When I worked for an employer, the stationery cupboard contained one kind of writing instrument: the ubiquitous Bic. Though I always had my Sheaffer Targa at the ready I often had to grab a Bic when answering the phone or taking notes at impromptu meetings. At more formal ones I used my Sheaffer. I don’t like ballpoints for all the reasons we usually share – painful writing angle, characterless writing point, pressure required etc, etc. However, there is no doubt that they won the war.
When I buy batches of pens in auctions there are often ballpoints among them. The cheap or unbranded ones go in the trash but I pass the better ones: Parker, Sheaffer, Cross and Papermate to my husband. He installs refills and gives them out at the hospital. Nurses do a lot of form filling and, busy as they are, grab the first ballpoint that comes to hand. To them, it’s an irrelevance whether it’s a Bic or a Parker. Just the tool they need for the job.
Ballpoints gave rise to several descendants – fibre tipped pens, roller balls and gel pens. I use the Pilot G2 gel pens for those jobs that the demand something other than a fountain pen: the forms of officialdom and addressing envelopes. I used to address envelopes with a fountain pen then rub over the address with a candle to waterproof it. I gave that up – too pernickety. The gel pen has proved its worth.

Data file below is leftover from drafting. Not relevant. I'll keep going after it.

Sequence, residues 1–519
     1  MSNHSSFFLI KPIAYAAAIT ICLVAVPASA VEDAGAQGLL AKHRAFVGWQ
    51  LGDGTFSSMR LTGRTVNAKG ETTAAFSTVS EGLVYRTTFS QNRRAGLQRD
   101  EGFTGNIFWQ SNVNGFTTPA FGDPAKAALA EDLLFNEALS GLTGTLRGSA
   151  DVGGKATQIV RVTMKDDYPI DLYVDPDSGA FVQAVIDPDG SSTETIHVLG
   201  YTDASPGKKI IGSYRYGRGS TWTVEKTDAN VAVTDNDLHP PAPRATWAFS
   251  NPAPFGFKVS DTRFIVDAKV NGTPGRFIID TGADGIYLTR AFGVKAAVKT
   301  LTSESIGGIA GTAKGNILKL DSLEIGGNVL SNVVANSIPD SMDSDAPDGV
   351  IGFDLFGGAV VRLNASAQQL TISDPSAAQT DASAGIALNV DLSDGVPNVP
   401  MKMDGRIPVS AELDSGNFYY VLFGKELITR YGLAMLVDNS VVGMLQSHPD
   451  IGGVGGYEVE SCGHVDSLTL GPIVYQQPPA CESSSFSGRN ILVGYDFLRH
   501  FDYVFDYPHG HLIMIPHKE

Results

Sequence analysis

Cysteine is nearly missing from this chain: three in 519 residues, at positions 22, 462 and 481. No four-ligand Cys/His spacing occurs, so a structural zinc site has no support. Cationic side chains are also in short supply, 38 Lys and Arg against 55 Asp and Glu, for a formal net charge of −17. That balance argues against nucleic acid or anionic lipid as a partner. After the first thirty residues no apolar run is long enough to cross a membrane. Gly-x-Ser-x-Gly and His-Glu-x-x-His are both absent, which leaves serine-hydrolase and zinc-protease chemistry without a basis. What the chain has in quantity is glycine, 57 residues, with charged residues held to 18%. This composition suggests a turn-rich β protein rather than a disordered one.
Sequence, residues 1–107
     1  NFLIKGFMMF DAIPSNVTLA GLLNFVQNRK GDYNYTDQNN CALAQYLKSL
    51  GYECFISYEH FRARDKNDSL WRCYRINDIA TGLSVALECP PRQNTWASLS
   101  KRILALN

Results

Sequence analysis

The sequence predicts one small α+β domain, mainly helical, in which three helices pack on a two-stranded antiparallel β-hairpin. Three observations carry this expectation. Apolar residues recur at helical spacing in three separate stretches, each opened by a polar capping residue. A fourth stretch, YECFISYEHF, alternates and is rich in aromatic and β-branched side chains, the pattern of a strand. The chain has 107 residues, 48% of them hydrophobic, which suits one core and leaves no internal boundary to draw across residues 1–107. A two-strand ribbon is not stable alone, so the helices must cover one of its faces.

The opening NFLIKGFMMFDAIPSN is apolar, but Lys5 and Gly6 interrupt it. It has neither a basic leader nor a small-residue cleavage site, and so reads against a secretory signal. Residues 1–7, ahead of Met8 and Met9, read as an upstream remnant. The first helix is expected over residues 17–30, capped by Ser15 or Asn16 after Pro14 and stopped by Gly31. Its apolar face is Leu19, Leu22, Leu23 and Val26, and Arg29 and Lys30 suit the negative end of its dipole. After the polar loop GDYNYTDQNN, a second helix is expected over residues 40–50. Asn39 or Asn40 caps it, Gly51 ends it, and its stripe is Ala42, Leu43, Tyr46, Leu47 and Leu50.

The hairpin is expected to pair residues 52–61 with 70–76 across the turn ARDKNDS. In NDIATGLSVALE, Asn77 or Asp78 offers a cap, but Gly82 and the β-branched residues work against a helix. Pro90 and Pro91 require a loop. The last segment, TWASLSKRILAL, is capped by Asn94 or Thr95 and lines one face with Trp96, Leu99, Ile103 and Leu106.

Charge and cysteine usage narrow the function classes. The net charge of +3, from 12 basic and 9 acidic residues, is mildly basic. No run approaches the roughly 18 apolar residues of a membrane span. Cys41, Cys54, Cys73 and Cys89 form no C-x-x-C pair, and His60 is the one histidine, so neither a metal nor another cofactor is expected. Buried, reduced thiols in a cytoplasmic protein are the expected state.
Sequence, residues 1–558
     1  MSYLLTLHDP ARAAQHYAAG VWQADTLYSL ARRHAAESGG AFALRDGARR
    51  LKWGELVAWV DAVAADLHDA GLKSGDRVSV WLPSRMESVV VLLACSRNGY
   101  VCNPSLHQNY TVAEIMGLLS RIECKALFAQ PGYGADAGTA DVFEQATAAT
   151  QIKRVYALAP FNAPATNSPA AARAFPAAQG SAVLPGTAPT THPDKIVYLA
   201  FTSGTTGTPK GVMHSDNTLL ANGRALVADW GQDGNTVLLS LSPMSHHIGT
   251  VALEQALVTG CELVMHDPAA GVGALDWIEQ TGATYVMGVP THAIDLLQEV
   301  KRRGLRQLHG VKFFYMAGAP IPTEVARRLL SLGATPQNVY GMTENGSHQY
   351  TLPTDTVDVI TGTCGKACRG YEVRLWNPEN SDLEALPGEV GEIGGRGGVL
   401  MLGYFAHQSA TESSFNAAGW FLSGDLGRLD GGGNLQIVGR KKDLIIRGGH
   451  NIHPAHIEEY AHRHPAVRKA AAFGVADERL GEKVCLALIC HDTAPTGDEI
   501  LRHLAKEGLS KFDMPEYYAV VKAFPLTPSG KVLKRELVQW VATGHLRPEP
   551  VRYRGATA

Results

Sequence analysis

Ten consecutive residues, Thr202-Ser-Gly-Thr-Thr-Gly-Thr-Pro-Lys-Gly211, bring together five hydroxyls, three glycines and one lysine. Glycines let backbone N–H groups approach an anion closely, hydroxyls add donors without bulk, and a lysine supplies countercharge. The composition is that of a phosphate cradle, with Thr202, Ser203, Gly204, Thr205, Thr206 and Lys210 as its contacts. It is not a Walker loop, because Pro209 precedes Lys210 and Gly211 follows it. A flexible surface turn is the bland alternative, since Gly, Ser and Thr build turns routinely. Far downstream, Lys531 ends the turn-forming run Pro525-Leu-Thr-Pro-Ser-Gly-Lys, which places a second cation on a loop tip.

When it comes to real writing – blogging and corresponding, however, I would never dream of using anything other than a fountain pen. I barely touch the paper. In fact with the best pens like this little no-model-name 1960s Pilot, it’s as if I wave the pen over the paper and the words magically appear. I could write my autobiography at a sitting without fatigue. The act of writing with a very good fountain pen is not work; it’s a pleasure, happily anticipated.
I am no calligrapher. I cannot produce the artistic script that was the norm one hundred and fifty years ago but my handwriting is much better than it ever could have been if I had not escaped the trap of the ballpoint. The way that a good fountain pen lays ink on paper is so much more pleasant and aesthetically pleasing that better handwriting is automatically encouraged.
So are fountain pens really better? Of course they are and we knew that anyway, but there’s no harm in restating the obvious. Emphatically!